2. I hide my splinters from you窶電eep in my skin & afraid of the pain of absence removal, preferring to let them root deep in my bones to regenerate fingers to feed off my blood, just as I do, to spread deep and making room for itself a welcome invasion. Like music possession burning the shards of books I have collected and places where I have dreamed my future for instant need of water. I am always thirsty now. Gallons of water to cool the summer in my organs to soften the soil around my toes my skin like birch paper and leaves palm up in breezes before the rain. 49
There is a strong feeling of introspection when school is in session. I am not sure if other people feel it but it grows within me like a plague. We are all academic, all thinkers but are we all world connectors? I feel the thoughts, pounding to get out, clawing my skull in an attempt to break free. I want to learn everything, figuring everyone out. My brain picks victims, it always has, I just did not realize it before. Perhaps this is a form of puzzle. We speak of social literacy. i learned that before any other type of literacy. They say this can be a form of poetry, poetry with a lower case p. I have heard the rumors, floating though the stacks and i wonder have you as well? Punctuation rules and grammar have always been a must but now i wonder, are they as important as they appear, poets think not…but I am not a poet, just a dabbler in the vague. A safe place for dangerous ideas.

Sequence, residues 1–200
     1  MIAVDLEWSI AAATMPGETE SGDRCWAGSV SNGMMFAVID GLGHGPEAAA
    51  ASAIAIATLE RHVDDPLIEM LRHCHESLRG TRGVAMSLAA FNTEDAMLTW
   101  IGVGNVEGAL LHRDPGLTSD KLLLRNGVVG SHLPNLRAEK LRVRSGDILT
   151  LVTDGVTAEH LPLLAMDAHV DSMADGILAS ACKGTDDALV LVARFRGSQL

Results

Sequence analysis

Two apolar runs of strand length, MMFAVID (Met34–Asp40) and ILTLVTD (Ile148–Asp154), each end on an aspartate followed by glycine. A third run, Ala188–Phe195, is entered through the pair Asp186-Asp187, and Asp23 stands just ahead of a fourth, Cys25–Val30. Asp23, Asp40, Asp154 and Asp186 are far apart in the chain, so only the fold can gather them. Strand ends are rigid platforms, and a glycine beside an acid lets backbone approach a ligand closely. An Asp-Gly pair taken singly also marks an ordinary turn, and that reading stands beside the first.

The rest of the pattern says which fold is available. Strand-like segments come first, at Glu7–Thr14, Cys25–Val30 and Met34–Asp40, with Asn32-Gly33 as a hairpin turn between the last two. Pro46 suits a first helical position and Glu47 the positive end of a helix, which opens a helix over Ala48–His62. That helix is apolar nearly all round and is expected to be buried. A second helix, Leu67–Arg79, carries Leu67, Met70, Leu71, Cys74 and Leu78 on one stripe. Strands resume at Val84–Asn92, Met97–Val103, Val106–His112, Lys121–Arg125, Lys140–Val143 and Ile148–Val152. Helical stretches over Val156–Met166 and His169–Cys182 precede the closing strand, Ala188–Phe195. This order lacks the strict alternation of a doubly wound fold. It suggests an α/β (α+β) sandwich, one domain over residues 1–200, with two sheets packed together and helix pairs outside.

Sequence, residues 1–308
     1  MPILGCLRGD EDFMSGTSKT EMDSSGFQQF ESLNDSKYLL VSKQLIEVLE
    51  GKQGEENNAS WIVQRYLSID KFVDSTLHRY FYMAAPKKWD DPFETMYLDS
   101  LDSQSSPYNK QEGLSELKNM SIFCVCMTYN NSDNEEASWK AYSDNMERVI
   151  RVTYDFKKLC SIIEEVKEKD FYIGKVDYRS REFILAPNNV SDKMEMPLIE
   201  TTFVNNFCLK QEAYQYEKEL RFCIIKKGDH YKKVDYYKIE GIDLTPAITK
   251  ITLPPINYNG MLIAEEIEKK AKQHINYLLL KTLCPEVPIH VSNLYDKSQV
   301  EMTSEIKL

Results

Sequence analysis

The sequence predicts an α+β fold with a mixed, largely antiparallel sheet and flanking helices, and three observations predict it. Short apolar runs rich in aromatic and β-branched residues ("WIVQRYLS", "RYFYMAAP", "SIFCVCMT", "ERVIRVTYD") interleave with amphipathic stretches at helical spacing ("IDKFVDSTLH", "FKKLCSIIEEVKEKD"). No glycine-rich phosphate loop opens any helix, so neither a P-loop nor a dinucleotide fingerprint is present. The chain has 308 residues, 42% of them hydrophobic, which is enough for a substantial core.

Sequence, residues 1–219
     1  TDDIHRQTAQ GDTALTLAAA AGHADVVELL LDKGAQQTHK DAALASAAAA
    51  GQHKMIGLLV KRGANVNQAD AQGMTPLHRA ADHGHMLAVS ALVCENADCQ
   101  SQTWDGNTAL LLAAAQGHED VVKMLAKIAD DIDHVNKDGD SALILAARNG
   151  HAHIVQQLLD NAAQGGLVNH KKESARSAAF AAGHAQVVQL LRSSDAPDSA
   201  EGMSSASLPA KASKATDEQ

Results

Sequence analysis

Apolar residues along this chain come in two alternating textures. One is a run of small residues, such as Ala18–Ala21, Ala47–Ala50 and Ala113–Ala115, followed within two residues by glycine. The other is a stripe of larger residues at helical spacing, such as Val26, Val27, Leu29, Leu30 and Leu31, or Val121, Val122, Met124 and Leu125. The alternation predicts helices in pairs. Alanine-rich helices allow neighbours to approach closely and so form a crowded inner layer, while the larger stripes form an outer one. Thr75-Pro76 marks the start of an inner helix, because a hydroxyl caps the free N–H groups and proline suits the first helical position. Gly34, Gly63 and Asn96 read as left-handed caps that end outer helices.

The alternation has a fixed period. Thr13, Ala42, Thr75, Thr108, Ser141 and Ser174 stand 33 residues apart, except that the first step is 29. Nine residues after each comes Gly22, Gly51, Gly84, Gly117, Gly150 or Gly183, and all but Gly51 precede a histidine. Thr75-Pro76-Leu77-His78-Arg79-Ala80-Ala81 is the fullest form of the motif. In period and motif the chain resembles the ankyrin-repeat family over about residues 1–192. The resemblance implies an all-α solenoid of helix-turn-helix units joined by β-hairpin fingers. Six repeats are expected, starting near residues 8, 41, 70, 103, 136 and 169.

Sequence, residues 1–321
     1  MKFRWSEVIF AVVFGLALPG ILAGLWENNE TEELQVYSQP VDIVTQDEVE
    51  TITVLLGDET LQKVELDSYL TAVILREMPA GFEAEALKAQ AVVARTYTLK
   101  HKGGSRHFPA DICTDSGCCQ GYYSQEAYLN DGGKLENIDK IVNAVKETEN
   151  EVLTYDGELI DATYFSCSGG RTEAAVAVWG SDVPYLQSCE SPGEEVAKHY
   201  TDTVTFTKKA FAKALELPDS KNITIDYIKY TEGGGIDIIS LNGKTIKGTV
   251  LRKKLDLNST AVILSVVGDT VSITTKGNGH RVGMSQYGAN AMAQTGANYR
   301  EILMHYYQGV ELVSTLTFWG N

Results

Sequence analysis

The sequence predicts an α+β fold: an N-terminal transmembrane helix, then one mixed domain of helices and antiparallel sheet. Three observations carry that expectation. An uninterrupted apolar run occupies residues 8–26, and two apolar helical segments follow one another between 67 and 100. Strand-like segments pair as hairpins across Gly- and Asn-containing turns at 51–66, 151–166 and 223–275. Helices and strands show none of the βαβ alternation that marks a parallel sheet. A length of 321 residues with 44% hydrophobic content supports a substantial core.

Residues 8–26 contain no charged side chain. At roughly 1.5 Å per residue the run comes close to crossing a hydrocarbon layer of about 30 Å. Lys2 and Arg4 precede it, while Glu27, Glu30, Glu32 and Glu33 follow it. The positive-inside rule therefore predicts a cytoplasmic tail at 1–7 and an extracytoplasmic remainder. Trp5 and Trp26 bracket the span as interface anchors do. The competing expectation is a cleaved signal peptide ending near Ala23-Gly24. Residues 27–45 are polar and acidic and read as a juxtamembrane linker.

Thank you to all my incredible writers! Think you’ve got what it takes to write something for us? Submit your stories and poems to jessicafrickdesigns@gmail ALL IMAGES PROVIDED BY DANIELLE HARRIS PHOTOGRAPHY. FOR MORE INFORMATION YOU CAN CONTACT HER AT DHUR91@GMAIL.COKM
Featuring poetry, short stories and photography from Danielle Harris Photography